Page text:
Home Top News Container shipping stock prices resilient despite falling spot rates

Container shipping stock prices resilient despite falling spot rates

In our recently published addendum to Financial Health Check, we have reassessed container industry prospects and profitability in view of changes in market dynamics. Amid falling spot freight rates, we have significantly reduced the industry profitability forecast for 2023. Container companies continue to prioritise building cash war chests instead of deleveraging. Also, vertical integration moves will make their business model resilient in the long term.

Low demand drives weak freight rates

While 2021 was the year of easy money, 2022 saw rapid monetary tightening by the central banks around the globe as they changed their stance dramatically to tame the heightened cost of living. Amid the worsening economic situation, container volume growth started to decline. This, coupled with the easing congestion in ports (which added to the effective container capacity), lowered freight rates. Accordingly, Drewry World Container Index declined by 77.5% in 2022. While we expected liners to be aggressive in capacity management, taking advantage of the higher coordination owing to the highly consolidated industry, it seems liners have prioritised maintaining their market share over arresting the free fall in freight rates.

Revenues to decline in 2023 after surging in 2022

Carrier companies posted phenomenal revenues in the first three quarters of 2022. However, we expect a significant decline in 4Q22 numbers on a YoY and QoQ basis. Results declared thus far for 4Q22 point in the similar direction. Hapag-Lloyd’s EBITDA and EBIT slumped by about 32% and 35% QoQ in 4Q22. Similarly, Maersk’s EBITDA and EBIT slumped by 39.8% and 46.0% QoQ in 4Q22. In line with dimming industry prospects, the company expects its EBIT to come in a range of USD 2 – 5bn (vs 2022: USD 30.9bn). We expect a similar trend in the results of other companies under our coverage. Accordingly, we have significantly downgraded our industrywide 2023 profitability estimate, as the effects of the deteriorating macroeconomic environment, improving supply chain logjams, record capacity additions and falling spot freight rates start to affect earnings.

The era of vertical integration

Liners are anxious to insulate their earnings against the mercurial freight market and as such are investing heavily in the businesses of ports and logistics. The race for providing end-to-end integrated solutions played a foundational role in the breakup of the 2M alliance, as the strategies of the two carrier giants Maersk and MSC became irreconcilable. On 25 January 2023, carrier giants Maersk and MSC decided to no longer renew the 2M alliance post its expiration in 2025. While MSC has been focused on aggressive liner fleet expansion via newbuild investments and the S&P market, Maersk has preoccupied itself with expanding its end-to-end logistics capabilities. To this extent, it acquired The Martin Bencher Group, Pilot Freight Services, LF Logistics Holdings Limited, and Senator International. While Maersk’s strategy focuses on the complete value chain, other players are also integrating their capabilities to enhance the value proposition of their offerings. Notably, Hapag-Lloyd acquired a 35% stake in India’s J M Baxi Ports & Logistics from Bain Capital after announcing a new transshipment terminal being built in Damietta, (Egypt), following the purchase of the ports and logistics business of SM SAAM, an acquisition of a 49% stake in Spinelli Group, as well as a 30% shareholding in Container Terminal Wilhelmshaven. HMM revealed a KRW trillion investment plan to diversify its business portfolio over the next five years (2022-26).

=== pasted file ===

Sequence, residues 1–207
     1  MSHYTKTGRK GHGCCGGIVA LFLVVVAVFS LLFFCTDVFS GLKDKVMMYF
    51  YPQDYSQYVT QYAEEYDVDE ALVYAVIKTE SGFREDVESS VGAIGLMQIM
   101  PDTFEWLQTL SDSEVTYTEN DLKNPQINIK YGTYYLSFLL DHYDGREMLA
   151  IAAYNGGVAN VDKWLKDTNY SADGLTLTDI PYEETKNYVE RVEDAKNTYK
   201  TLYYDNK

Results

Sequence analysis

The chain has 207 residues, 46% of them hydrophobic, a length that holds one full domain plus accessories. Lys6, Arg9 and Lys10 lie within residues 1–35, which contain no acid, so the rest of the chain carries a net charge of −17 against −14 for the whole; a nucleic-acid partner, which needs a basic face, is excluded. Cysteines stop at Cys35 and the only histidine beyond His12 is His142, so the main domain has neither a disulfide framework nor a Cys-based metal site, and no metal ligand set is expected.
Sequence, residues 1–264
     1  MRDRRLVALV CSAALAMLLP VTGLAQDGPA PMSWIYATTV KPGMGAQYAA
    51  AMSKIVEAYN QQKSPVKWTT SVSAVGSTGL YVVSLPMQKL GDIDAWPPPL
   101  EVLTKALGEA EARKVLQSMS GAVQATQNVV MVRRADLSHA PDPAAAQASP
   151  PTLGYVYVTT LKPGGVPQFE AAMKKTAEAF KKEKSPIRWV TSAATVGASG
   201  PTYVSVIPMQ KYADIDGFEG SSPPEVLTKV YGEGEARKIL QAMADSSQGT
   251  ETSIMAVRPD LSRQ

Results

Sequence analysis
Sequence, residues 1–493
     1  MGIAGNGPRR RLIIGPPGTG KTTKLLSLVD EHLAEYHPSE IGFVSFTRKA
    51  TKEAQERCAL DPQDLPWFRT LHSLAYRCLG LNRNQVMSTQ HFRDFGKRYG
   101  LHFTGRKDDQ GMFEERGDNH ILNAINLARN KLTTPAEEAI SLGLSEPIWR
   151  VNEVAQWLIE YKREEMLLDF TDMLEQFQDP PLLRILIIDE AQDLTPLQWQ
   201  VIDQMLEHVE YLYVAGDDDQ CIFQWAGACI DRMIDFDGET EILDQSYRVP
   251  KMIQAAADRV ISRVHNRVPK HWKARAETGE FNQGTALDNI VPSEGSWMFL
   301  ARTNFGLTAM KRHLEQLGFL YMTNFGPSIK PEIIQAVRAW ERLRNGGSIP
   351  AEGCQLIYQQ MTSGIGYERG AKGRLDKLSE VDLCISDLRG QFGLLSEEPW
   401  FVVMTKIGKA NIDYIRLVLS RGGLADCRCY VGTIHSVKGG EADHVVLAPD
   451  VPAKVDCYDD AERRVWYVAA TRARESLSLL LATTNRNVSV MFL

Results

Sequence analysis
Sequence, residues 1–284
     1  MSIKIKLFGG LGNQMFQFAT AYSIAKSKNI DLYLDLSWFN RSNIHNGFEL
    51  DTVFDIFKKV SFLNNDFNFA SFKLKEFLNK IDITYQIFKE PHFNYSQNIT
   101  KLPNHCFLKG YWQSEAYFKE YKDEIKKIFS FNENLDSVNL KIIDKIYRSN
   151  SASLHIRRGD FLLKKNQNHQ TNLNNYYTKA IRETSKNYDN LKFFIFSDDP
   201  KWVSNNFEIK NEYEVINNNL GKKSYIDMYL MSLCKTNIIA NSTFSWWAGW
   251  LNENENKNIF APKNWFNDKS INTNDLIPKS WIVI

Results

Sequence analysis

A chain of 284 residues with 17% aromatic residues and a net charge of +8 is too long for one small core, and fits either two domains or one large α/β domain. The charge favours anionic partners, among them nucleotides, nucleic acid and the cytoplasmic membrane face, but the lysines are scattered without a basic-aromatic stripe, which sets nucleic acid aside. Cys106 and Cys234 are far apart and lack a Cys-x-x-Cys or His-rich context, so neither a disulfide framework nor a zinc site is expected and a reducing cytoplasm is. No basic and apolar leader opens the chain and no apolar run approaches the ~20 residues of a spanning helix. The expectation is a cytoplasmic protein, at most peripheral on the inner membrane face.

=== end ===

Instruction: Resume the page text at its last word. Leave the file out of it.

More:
Lower multiple to attract value investors

Owing to the high correlation between freight rates and earnings of liner companies, the Drewry World Container Index and the Drewry Container Equity Index move in tandem under normal circumstances, but a divergence in the movement of these indices has been recorded. Despite the continuous fall in freight rates, stock prices of the major liners have started to consolidate at the historically low valuation level. At the current Price/Book (P/B), the industry is half its five-year historical average, marking the opportunity for equity investors. The ongoing consolidation at the current P/B level hints that the financial community has already accounted for the near-term weakness.

Source: Drewry Equity Research Services

Previous articleMajor shipping company and Eco Marine Power to jointly conduct Eco Ship Study
Next articleMaersk sues Evergreen over 2021 blocking of Suez Canal